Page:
24 September 2013
Shawn Clackett

UK Support for Global Fund will Save Lives in our Region

Bill Bowtell

Bill Bowtell AO, Executive Director of the Pacific Friends of the Global Fund

Yesterday’s decision by the United Kingdom to pledge £1 billion to the Global Fund to Fight AIDS, Tuberculosis and Malaria will help save thousands of lives around the world over the next three years, according to Bill Bowtell, Executive Director of the Pacific Friends of the Global Fund.

The Global Fund was established to finance the fight against the world’s three biggest killers: AIDS, tuberculosis and malaria. It is currently seeking $US15 billion to continue its work for 2014-2016 from rich nations, including Australia, as well as the private sector and philanthropists.

Mr Bowtell said the Cameron government had displayed great leadership.

“Australia should now also commit to increasing its support for the life-saving work of the Global Fund,” he said.

“We now have the scientific advances that enable us to remove these three diseases as threats to global public health.

“All we need is the money.”

“Defeating these three killer diseases is a highly worthwhile investment in economic development and growth.

“The Global Fund – which operates to the highest levels of transparency, accountability and proven outcomes – is absolutely critical to making our region a more stable and prosperous part of the world.”

Since 2002 Global Fund investments in Indonesia, Timor Leste and Papua New Guinea have saved tens of thousands of lives.

“In Papua New Guinea, the Global Fund has financed the delivery of almost 4.5 million mosquito nets to stop the spread of malaria. It has also helped detect and treat 42,000 cases of tuberculosis and has invested some $US40 million on HIV prevention and treatment programs.

“There are tens of thousands of people alive today due to the work of the Global Fund and the government of Papua New Guinea – supported by Australia.

“Now more than ever, rich nations need to boost support for the Global Fund. It’s in everyone’s interests to make the world a safer and healthier place.”

The United Kingdom’s commitment is geared toward encouraging other donors to maximize their own pledges to the Global Fund, effectively unlocking additional funds with each contribution, as the United Kingdom contribution is limited to a maximum of ten per cent of the total raised for the Global Fund.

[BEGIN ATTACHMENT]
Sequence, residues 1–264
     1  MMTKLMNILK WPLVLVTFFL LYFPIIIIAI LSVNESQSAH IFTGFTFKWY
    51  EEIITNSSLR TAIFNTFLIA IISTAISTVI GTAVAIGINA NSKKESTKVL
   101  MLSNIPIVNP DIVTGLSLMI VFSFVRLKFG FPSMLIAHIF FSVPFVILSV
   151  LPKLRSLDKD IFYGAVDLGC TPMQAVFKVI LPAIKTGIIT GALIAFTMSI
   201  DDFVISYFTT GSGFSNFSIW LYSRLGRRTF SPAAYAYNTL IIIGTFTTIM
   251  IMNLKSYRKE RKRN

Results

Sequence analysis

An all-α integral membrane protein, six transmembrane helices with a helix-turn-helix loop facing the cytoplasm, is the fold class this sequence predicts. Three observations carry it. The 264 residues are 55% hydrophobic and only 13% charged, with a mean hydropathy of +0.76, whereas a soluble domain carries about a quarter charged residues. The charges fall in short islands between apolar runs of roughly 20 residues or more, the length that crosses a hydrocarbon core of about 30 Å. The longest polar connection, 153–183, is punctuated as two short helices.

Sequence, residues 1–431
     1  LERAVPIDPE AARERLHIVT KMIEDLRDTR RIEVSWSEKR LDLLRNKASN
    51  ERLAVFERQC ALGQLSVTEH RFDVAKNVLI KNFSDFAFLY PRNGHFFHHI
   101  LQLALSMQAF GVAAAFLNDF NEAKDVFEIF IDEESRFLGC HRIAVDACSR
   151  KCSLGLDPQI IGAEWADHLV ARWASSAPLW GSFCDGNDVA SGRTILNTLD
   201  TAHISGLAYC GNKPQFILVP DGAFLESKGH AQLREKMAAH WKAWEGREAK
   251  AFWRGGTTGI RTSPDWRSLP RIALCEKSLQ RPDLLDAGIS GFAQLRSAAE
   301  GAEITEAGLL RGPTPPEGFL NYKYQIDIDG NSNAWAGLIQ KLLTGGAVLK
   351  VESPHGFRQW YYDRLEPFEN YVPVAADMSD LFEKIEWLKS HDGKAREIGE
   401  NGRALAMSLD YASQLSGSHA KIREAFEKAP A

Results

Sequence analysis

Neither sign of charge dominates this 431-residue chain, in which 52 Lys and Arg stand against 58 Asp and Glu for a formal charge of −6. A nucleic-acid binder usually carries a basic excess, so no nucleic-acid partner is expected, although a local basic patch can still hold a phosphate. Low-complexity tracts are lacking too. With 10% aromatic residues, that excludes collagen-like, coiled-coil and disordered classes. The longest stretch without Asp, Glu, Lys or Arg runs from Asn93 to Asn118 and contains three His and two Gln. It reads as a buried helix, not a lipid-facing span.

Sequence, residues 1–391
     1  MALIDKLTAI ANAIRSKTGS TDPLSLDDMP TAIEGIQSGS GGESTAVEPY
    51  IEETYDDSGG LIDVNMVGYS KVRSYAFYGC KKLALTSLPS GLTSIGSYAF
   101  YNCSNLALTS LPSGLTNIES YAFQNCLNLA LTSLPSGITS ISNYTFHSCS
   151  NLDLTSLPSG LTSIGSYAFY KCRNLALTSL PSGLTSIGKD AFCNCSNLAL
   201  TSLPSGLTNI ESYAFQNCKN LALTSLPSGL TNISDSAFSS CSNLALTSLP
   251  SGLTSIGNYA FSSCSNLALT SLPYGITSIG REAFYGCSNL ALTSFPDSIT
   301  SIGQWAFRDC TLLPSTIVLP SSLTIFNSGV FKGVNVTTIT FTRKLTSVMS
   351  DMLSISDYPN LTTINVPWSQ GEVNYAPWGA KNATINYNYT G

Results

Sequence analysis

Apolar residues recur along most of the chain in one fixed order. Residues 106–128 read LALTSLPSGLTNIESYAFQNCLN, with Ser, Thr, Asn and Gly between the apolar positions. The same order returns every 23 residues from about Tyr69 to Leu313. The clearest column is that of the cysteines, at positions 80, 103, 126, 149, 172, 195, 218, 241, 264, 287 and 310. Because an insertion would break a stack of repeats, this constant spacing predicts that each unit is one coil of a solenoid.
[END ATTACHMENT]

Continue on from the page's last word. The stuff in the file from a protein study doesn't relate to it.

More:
The Department for International Development, which leads the UK’s efforts to end extreme poverty, has championed the cause of helping to halve malaria deaths in ten of the worst affected countries by 2015. It has also been a strong advocate of the launch this year of a new funding model that allows the Global Fund to invest more strategically, achieve greater impact and engage partners more effectively.

The UK has targeted saving the lives of 50,000 women in pregnancy and childbirth and 250,000 newborn babies as well as helping to immunize more than 55 million children against preventable diseases. Allowing at least 10 million more women to use modern methods of family planning by 2015 is also a priority.

The announcement, made in New York just before the start of the United Nations General Assembly, followed a pledge earlier this month by Nordic countries, including Sweden and Norway, of US$750 million for the 2014-16 period, representing an increase of US$150 million.

Pacific Friends operates as a program within the Kirby Institute at the University of New South Wales.

Pacific Friends

Professor Janice Reid AC
Bill Bowtell AO
Executive Director

Pacific Friends of the Global Fund to Fight AIDS, Tuberculosis and Malaria is a high-level advocacy organisation which seeks to mobilise regional awareness of the serious threat posed by HIV & AIDS, tuberculosis and malaria to societies and economies in the Pacific. In pursuing its goals Pacific Friends has a specific interest in highlighting the need to protect the rights of women and children in the Pacific.



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